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Accounting for capital consumption and technological progress

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  • Michael Gort
  • Peter Rupert

Abstract

Methods currently used to calculate capital consumption, the stock of capital, and the sources of economic growth do not adequately measure the underlying growth in inputs due to technological advance. This lack affects tax policy as well as the design of programs targeting potential areas of economic growth. The authors present a model designed to surmount the problems affecting current methods of calculation.

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File URL: http://www.clevelandfed.org/Research/review/1999/99-q2-gort.pdf
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Bibliographic Info

Article provided by Federal Reserve Bank of Cleveland in its journal Economic Review.

Volume (Year): (1999)
Issue (Month): Q II ()
Pages: 13-18

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Handle: RePEc:fip:fedcer:y:1999:i:qii:p:13-18

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Keywords: Capital ; Technology;

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  1. Robert J. Gordon, 1990. "The Measurement of Durable Goods Prices," NBER Books, National Bureau of Economic Research, Inc, number gord90-1.
  2. Hulten, Charles R. & Wykoff, Frank C., 1981. "The estimation of economic depreciation using vintage asset prices : An application of the Box-Cox power transformation," Journal of Econometrics, Elsevier, vol. 15(3), pages 367-396, April.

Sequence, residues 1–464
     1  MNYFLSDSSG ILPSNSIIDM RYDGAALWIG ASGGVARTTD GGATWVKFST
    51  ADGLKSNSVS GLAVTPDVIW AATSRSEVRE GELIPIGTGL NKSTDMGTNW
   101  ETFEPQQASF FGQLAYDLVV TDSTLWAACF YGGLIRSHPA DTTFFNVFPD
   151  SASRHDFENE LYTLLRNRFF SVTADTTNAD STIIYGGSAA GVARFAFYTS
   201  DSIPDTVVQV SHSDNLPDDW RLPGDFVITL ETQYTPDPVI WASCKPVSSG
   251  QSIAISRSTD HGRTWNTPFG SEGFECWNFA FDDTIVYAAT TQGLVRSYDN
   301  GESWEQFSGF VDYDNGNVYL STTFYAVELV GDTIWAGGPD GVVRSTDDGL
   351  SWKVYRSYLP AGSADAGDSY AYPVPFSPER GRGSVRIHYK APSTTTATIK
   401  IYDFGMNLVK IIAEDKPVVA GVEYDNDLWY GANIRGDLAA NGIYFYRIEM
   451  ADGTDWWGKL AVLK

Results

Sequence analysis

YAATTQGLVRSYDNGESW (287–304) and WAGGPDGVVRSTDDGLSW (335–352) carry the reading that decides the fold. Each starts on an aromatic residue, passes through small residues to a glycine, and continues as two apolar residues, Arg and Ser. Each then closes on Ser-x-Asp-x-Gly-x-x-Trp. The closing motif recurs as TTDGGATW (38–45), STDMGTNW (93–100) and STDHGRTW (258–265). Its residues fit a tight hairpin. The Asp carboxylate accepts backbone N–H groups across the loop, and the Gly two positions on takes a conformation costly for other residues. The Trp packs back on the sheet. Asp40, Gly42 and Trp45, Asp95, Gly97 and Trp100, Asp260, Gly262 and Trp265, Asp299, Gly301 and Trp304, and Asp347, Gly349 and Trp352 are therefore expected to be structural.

3. Gordon, Robert J., 1990. "The Measurement of Durable Goods Prices," National Bureau of Economic Research Books, University of Chicago Press, edition 1, number 9780226304557, October.
  4. Michael Gort & Jeremy Greenwood & Peter Rupert, 1999. "Measuring the Rate of Technological Progress in Structures," Review of Economic Dynamics, Elsevier for the Society for Economic Dynamics, vol. 2(1), pages 207-230, January.
  5. Jeremy Greenwood & Zvi Hercowitz & Per Krusell, 1992. "Macroeconomic implications of investment-specific technological change," Discussion Paper / Institute for Empirical Macroeconomics 76, Federal Reserve Bank of Minneapolis.
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